How to Create an At-Home Fire Escape Plan
When it comes to home fire protection, smoke alarms and a detailed fire escape plan are the best ways to protect your family. The NFPA conducted a study of home fires reported between 2014-2018. During that period, there was an average of 353,100 home fires per year across the US, causing an average of 2,620 deaths per year. There are ways you can decrease your risk of becoming one of the statistics. Having a fire escape plan in the event of a fire is one of the best ways to make sure your family is safe.
How to Develop a Fire Escape Plan
Have a fire escape plan prepared ahead of time. Walkthrough your home and come up with some exit points. Point out two exits in each room. Whether it is a door or a window, have an alternative way to get out if other exits are blocked. Keep doors unobstructed to prevent loss of precious time. Make sure all windows can open. When a window is painted or nailed shut, it cannot be an exit. You may even want to store ladders and hammers in an accessible place. If you have to exit through a window, but the window won’t budge, a hammer can be helpful. A ladder will help you exit upstairs windows.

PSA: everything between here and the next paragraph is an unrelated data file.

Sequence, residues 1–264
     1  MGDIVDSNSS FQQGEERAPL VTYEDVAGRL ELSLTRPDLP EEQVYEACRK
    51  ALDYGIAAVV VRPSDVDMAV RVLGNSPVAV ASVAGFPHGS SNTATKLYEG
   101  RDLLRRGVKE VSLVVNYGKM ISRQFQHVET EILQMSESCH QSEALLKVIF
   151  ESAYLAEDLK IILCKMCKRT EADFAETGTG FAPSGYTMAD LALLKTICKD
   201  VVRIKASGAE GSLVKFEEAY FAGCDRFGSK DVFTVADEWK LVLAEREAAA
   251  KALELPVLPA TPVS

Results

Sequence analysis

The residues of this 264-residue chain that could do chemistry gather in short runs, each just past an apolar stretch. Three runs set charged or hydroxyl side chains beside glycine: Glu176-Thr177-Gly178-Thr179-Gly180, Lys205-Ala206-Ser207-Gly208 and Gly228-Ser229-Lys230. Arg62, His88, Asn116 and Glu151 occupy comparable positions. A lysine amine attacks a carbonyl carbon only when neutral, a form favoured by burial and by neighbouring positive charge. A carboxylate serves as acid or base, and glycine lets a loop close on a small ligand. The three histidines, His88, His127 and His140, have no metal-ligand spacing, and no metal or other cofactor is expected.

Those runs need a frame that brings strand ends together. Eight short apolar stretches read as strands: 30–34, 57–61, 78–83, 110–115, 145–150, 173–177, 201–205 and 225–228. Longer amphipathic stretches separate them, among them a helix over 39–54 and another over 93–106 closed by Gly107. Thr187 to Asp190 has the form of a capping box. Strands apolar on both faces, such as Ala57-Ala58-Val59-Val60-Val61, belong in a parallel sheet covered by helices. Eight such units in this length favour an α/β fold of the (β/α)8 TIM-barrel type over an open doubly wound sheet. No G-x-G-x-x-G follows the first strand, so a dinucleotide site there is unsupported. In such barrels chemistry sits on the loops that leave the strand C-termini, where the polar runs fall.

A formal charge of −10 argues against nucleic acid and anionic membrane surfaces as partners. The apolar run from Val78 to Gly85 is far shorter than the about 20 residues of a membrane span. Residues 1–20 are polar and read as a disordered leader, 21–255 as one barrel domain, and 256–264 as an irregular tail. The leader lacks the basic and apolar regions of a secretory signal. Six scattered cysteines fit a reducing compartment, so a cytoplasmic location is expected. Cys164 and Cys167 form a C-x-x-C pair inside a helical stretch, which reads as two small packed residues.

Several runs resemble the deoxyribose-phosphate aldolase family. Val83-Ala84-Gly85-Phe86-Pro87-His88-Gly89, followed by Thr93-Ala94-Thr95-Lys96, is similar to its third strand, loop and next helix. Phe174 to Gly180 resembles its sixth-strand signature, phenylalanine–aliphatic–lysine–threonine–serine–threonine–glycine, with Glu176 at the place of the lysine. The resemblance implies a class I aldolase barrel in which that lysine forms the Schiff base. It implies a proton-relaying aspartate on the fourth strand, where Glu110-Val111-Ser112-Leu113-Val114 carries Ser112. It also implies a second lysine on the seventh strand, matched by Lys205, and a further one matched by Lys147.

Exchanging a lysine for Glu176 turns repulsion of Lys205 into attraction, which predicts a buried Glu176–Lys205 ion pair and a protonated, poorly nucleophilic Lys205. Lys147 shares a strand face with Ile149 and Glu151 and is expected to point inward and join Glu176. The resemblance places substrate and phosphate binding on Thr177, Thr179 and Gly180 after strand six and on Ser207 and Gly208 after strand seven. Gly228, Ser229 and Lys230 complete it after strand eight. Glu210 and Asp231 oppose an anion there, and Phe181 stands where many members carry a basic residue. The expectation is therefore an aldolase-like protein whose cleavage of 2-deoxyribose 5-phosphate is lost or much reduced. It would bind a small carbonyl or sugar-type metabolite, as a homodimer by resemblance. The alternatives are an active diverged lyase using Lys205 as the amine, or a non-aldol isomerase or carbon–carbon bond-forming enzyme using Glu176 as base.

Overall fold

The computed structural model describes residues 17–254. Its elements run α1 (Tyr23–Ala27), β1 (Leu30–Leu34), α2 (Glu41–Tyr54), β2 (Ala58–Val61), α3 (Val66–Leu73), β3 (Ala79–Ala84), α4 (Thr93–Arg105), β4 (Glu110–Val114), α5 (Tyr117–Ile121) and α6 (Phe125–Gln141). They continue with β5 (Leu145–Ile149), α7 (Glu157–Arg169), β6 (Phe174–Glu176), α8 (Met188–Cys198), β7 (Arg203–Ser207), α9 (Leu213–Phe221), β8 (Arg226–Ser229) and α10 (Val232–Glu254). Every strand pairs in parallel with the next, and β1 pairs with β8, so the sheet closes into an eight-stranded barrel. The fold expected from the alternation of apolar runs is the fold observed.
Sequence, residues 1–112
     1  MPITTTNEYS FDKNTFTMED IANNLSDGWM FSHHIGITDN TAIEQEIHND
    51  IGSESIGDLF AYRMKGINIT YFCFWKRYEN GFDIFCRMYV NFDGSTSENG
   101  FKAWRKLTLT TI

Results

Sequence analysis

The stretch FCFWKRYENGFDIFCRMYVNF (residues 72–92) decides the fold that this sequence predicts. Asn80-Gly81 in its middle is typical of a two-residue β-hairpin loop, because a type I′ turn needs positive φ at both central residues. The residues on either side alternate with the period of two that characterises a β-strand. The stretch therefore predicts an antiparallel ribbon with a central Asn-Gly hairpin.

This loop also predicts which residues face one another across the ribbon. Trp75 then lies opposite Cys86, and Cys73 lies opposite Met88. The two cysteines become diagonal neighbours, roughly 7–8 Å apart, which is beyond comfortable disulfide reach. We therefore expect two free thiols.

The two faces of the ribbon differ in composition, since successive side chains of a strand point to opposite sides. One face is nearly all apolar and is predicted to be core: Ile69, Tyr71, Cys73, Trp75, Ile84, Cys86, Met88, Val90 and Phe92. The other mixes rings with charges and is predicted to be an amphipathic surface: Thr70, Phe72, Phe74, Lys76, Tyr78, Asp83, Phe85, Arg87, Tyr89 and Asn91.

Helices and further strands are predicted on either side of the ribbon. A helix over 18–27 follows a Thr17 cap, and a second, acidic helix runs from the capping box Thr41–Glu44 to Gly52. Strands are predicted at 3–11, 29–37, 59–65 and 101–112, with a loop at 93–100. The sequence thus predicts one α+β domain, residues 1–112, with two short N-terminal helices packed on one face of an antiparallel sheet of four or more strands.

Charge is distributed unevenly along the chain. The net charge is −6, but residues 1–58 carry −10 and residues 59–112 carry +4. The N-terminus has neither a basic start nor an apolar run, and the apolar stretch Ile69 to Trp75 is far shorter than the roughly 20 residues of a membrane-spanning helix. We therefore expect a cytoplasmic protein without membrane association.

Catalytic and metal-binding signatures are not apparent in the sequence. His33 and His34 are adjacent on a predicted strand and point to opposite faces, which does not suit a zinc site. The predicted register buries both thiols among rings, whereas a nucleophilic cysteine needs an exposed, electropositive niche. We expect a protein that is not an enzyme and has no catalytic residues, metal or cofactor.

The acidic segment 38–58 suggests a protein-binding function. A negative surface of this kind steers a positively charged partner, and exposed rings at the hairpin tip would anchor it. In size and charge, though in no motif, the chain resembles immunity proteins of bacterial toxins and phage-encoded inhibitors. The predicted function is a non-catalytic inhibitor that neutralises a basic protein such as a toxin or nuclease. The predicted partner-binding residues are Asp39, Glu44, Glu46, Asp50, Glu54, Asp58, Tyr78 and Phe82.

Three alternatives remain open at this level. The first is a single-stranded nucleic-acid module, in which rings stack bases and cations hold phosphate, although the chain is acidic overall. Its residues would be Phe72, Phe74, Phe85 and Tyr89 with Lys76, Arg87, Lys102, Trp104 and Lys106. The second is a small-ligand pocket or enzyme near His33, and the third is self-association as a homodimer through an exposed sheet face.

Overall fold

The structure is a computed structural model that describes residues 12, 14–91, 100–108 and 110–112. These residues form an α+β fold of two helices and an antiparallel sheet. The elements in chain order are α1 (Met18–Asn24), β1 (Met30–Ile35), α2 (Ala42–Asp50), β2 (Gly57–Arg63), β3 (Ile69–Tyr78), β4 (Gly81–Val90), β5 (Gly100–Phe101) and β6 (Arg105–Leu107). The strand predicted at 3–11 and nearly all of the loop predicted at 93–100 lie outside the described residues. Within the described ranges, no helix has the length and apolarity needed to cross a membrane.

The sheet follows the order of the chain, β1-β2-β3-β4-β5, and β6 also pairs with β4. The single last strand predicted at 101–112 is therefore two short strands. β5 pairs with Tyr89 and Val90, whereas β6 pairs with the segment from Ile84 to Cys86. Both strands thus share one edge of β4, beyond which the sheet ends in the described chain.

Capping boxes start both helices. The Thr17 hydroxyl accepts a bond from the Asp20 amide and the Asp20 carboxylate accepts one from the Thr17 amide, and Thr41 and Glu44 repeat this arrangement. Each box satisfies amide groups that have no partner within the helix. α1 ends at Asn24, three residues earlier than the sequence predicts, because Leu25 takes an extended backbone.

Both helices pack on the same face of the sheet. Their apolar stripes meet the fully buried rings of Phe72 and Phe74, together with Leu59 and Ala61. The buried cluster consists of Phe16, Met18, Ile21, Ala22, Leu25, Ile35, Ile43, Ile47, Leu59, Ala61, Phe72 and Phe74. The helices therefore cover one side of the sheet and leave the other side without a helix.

Adapting as Needed
Be aware of the people in your house and their needs. If there are children, assign someone to look after them in a fire. Do the same for elderly or handicapped people in your house. They will need assistance evacuating as quickly as possible. Part of a good fire escape plan is to create a spot that you will all meet and gather in the event of a fire to take a headcount. A good example is to meet at the mailbox at the end of the driveway, where it is far enough away from the structure.
Don’t keep the fire escape plan to yourself. Ensure the family is involved in the plans and knows it thoroughly before an emergency occurs. Go over the plan at least once a year with your family to make sure they remember.
When A Fire Occurs
Keep a few other things in mind when a fire occurs other than the arranged fire escape plan and calling 911. Do not try and put the fire out with an extinguisher. Only use extinguishers on small, localized fires. Once you are out, you must stay out. Do not go back in for things, papers, pets, or even people. Let the fire department know there is someone inside. They have the equipment and training for search and rescue, and you do not.
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Check out a few additional resources to start your fire escape planning today.